Now in its 24th year, the Tampa International Gay & Lesbian Film Festival (TIGLFF) continues to age gracefully. The 2013 edition runs Oct. 4-12 and will feature screenings on both sides of the Bay (at Tampa Theatre and Muvico Baywalk in St. Pete), grand parties, celebrity appearances and more. But the real measure of any film festival is the quality of the movies, and it’s in this area that TIGLFF continues to grow and improve.
“It becomes more and more difficult to choose,” says KJ Mohr, the festival program director, about the selection process. “It’s not just coming-out stories now. The films focus on more complex gay lives that lend themselves to more interesting stories. The filmmaking is just better, too. It’s gotten easier to make a smaller film on a smaller budget.”
Past festival maven Margaret Murray plucked Mohr from the Museum of Women in the Arts in Washington, D.C. three years ago to work on TIGLFF. Mohr already knew of the festival thanks to its excellent reputation among the LGBT filmmaking community, and was excited by the challenge of programming a festival that tries to appeal to both the LGBT community and the general public.
“[LGBT stories have] become more acceptable in society and the stories are more applicable to everyone,” she says. “These are stories the wider audience wants to see. … People are coming and looking for a quality film, not just LGBT films.”
How does Mohr go about selecting the films? It starts with a good story, something interesting or original. She then considers production values, and is always on the lookout for great flicks from other countries. “The festival is international, so we want good representation from around the world,” she says. “There are more films than ever because LGBT stories are more accepted internationally.”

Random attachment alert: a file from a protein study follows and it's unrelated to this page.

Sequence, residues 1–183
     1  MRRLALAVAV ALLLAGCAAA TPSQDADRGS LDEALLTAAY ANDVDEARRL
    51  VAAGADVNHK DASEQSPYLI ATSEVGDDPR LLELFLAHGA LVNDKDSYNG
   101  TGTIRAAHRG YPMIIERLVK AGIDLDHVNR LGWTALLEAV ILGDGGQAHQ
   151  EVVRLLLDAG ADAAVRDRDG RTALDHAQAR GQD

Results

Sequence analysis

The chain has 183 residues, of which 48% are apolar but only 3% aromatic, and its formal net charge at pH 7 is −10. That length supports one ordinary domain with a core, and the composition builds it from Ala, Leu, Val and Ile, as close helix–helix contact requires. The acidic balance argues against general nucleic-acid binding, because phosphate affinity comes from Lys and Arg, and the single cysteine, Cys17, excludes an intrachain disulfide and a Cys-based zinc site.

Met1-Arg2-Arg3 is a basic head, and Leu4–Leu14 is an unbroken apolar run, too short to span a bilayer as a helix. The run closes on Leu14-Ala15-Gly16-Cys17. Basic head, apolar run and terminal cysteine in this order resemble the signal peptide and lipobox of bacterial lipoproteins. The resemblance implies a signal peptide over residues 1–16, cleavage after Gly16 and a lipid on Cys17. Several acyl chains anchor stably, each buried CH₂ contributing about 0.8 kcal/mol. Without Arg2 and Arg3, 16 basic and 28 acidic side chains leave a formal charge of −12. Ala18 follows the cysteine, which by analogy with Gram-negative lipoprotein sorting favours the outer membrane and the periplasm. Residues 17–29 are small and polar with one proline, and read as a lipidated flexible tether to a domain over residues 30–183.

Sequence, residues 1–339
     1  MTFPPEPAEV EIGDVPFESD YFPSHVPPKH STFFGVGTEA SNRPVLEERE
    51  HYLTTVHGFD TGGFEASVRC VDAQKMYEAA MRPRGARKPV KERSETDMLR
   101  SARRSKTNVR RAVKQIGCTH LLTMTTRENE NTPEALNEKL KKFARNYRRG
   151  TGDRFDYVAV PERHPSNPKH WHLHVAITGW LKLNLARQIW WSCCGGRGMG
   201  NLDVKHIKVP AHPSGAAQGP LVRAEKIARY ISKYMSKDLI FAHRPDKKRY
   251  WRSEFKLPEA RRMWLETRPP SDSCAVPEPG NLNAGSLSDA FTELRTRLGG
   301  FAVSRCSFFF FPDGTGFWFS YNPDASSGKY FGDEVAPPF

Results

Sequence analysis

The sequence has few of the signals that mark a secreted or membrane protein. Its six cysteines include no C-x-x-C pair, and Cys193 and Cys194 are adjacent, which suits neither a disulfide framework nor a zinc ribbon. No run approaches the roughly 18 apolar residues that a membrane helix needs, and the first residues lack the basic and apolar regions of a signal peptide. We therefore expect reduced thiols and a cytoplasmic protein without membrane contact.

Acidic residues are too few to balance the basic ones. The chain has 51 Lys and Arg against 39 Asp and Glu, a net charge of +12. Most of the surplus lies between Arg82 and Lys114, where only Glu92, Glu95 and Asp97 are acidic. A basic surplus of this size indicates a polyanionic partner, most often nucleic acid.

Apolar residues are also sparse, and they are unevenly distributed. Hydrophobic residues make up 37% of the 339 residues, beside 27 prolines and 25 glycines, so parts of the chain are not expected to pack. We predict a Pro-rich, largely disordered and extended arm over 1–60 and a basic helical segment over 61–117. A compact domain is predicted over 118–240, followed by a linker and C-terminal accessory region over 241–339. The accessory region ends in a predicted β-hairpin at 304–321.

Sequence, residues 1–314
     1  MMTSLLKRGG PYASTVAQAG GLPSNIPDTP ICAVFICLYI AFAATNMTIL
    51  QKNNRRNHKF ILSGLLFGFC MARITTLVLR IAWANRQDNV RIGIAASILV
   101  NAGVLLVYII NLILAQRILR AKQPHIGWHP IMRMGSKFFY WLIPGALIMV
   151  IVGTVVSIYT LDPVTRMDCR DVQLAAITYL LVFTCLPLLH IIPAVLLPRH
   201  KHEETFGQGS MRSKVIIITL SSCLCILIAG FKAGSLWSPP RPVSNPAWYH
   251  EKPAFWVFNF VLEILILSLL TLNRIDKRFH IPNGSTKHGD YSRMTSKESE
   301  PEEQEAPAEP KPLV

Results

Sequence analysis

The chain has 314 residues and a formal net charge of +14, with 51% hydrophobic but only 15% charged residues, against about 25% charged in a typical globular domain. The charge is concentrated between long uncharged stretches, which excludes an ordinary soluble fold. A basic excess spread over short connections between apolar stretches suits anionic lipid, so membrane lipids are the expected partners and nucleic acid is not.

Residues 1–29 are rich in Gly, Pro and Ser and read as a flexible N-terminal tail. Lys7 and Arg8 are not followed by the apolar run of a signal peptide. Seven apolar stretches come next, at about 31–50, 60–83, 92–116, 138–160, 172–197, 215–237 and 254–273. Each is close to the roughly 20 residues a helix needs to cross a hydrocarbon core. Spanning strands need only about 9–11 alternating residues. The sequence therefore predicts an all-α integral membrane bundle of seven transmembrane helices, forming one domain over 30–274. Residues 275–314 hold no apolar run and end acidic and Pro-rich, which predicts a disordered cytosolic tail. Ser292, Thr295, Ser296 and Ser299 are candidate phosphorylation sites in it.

That ethos of finding inclusive gay films with wide appeal extends from the opening night film The Happy Sad (“I saw it in San Francisco and as soon as it ended I knew that it was our opening film — It had something for everyone,” Mohr says), to the rest of the dramatic films, short features, and the wealth of excellent documentaries that will be screened during TIGLFF’s eight-day run.
“Documentaries are my favorites,” Mohr says, “but it’s hard to get audiences out to docs for some reason. … [TIGLFF] could be a whole LGBT doc fest and it would be excellent. It’s not like I have a quota, but this year I kept adding this one and that one because it’s so important and they’re good films.”
Despite wading through hundreds of movies in her time with the festival, Mohr still finds herself surprised. Take Test, which she calls “an AIDS dance film, which sounds awful. And it’s a period piece!” Despite a self-professed aversion to the genre, Mohr couldn’t help herself. “The characters are great, from the first shot it’s just beautiful, and it hooked me right away. It’s a great film from beginning to end.”
It’s that spirit of discovery that should guide festivalgoers as they experience TIGLFF. There really is something for everyone here. You just have to be willing to look.
There are 35 feature films in the festival, plus three shorts programs. CL was able to screen several of them in advance; you'll find our reviews at right.